Oh, Baby! Cute Little Fondant Faces Tutorial
Fondant baby figures can really add a wow factor to baby shower cakes, 1st birthday cakes, christenings cakes, and Communion cakes, too. This fondant baby faces tutorial demonstrates how to create the right shape, position the features and give three different expressions to your fondant baby figure. It’s certainly not the only way to model a baby’s face, but it is simple and will give you scope to elaborate once you learn the basics.
Here are step-by-step instructions on how to model cute baby faces in fondant:
Begin by tinting some fondant to a flesh tone and rolling a ball. The size of the ball will depend on the size of the baby you are modeling. I prefer using Wilton fondant without Tylose added, and I color it with Wilton copper. If you are using a softer fondant, you may prefer to add Tylose.
Place your finger just slightly off-center and roll gently from side to side. You are aiming to flatten the top half of the ball and narrow it slightly.
View from the front.
View from the side.
Make tiny holes for eyes using a CelStick or toothpick halfway down the face. This should be at the point where the head starts to widen. The distance between the eyes is up to personal taste, but I like there to be as much distance between the eyes as there is between the eye and the side of the head.
Slightly moisten a very fine paintbrush and add a little water to each hole.
Use tweezers to place a tiny black sprinkle in each hole. If you can’t get find black sprinkles, tiny dots of fondant will work, or you can forgo the holes altogether and use an edible black pen to draw on the dots.
Roll a tiny oval of fondant. Babies have cute button noses, so keep the oval very small.
Paint a tiny dab of water or edible glue on the face just below the eyes. Attach the nose. If water seeps out from underneath as in the photo, wait a minute for the nose to stick, then use a soft, small paintbrush to brush cornstarch onto the wet area to absorb the water.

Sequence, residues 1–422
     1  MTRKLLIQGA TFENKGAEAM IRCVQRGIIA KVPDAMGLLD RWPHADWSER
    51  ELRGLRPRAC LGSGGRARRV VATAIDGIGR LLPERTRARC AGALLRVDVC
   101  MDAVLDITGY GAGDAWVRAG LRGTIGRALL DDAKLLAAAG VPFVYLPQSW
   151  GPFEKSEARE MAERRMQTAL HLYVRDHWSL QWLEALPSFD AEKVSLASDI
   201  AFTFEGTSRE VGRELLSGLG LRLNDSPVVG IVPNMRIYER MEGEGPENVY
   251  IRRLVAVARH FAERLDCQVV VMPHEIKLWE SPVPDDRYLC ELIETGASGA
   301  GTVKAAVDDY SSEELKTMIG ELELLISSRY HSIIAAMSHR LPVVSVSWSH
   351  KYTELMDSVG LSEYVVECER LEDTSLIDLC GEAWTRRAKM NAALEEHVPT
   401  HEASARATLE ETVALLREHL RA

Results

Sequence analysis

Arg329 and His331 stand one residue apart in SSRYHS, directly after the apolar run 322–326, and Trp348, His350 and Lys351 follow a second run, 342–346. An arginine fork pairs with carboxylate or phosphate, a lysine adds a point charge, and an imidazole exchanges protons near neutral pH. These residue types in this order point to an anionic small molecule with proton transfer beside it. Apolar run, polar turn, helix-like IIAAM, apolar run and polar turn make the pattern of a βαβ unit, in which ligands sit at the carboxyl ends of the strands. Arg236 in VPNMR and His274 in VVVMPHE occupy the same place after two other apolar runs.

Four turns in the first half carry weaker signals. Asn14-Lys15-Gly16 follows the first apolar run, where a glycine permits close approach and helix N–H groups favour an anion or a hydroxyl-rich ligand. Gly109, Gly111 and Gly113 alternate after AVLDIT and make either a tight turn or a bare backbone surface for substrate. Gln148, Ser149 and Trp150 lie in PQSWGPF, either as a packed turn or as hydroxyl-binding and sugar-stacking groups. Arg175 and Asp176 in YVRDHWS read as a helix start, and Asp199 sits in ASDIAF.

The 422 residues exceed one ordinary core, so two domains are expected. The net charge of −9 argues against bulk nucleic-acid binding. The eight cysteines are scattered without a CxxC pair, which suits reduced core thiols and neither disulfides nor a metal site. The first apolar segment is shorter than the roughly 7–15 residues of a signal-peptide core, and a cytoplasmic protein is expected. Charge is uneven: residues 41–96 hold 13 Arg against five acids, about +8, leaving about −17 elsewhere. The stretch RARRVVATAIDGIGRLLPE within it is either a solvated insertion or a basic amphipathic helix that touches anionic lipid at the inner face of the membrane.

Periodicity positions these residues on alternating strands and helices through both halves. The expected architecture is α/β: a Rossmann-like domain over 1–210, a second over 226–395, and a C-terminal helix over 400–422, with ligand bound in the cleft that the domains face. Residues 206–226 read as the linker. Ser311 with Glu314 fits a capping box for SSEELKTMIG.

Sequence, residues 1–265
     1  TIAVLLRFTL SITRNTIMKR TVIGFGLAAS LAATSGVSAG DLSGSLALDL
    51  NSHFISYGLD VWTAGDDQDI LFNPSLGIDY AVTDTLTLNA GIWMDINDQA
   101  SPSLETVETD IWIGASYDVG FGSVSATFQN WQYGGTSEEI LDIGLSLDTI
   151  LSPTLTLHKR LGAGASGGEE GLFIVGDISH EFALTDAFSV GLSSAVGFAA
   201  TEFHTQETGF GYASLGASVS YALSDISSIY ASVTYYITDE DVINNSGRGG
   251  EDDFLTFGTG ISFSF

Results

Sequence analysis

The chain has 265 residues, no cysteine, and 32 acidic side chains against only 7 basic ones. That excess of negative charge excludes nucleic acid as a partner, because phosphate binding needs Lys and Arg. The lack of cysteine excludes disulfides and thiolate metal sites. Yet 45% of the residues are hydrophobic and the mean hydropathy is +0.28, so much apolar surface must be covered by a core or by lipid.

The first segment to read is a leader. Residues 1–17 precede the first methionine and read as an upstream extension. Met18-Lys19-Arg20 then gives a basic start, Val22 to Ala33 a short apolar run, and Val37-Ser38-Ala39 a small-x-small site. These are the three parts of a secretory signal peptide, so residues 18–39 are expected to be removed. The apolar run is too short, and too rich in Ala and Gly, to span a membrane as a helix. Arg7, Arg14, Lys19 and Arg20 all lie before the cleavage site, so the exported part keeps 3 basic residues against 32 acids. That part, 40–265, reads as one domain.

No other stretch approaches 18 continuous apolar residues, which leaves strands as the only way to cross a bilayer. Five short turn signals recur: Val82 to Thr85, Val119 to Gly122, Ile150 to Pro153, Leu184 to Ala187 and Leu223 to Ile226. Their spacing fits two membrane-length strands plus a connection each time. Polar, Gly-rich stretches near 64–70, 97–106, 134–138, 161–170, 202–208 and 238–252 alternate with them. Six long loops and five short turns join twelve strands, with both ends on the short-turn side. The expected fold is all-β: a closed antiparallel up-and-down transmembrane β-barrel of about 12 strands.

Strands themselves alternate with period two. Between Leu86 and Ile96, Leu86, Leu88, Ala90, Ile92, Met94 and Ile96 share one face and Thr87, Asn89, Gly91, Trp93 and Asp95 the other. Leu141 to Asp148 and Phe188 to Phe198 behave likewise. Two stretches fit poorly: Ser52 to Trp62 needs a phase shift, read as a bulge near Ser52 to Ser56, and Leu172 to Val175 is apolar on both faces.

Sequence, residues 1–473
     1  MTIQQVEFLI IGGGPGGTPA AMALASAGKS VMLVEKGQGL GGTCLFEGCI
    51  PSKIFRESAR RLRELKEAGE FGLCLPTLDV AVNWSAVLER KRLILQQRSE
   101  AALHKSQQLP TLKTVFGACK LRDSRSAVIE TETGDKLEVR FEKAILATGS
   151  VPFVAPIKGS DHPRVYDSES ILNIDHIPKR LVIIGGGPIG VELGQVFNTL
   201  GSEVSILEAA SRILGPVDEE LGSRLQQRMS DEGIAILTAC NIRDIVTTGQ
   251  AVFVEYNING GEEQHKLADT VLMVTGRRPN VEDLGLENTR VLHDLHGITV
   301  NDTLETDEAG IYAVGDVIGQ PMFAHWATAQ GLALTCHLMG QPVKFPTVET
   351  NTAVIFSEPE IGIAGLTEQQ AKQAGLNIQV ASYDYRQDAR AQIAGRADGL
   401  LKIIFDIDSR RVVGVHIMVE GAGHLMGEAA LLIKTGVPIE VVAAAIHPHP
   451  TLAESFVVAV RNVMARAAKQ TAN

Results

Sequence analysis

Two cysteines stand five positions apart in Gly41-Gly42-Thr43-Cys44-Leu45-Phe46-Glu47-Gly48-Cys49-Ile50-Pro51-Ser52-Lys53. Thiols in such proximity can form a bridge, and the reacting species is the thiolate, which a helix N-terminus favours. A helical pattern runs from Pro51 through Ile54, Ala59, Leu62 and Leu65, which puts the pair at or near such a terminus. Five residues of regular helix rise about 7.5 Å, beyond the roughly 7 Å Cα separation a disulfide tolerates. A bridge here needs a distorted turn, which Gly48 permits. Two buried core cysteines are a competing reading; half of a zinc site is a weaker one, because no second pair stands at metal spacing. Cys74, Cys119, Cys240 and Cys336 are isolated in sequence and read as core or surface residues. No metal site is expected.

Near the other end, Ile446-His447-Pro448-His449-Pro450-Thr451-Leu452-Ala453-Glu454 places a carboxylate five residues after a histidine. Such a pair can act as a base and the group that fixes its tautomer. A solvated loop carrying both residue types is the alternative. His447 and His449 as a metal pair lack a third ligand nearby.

Use a piping tip to create an indentation for the smile. It’s important that the smile is positioned halfway between the nose and the chin.
Once the smile shape is indented, you can leave it like this, or refine it with a few extra steps.
Use a small, flat paint brush and insert it into the mouth. Gently slide it from side to side to widen and define the shape and also smooth the edges. Do this slowly and carefully. By pushing the brush further into the indentation and pulling it out and down at the same time, you can open up the mouth and pull the bottom lip out slightly.
Use a toothpick or CelStick to make little indentations at the corners of the smile.
Use a second small paintbrush to shade the inside of the mouth with a little petal dust. I use a combination of red, orange and white.
Use the same paintbrush and color combination to dust the cheeks. Tap most of the color or the brush before you begin dusting. Dust a large area from under the eyes to the corners of the mouth to the side of the head, so as not to concentrate the color too strongly in one area.
If you find you’ve used too much color, put some cornstarch on a Q-tip or tissue and rub it over the cheeks to disperse the color.
It’s good to work on your model on soft foam, but another idea for stopping the back of the head from becoming flat is to occasionally put it in a spoon. Measuring spoons work really well, as they are usually completely spherical.
Roll two small balls for the baby’s ears.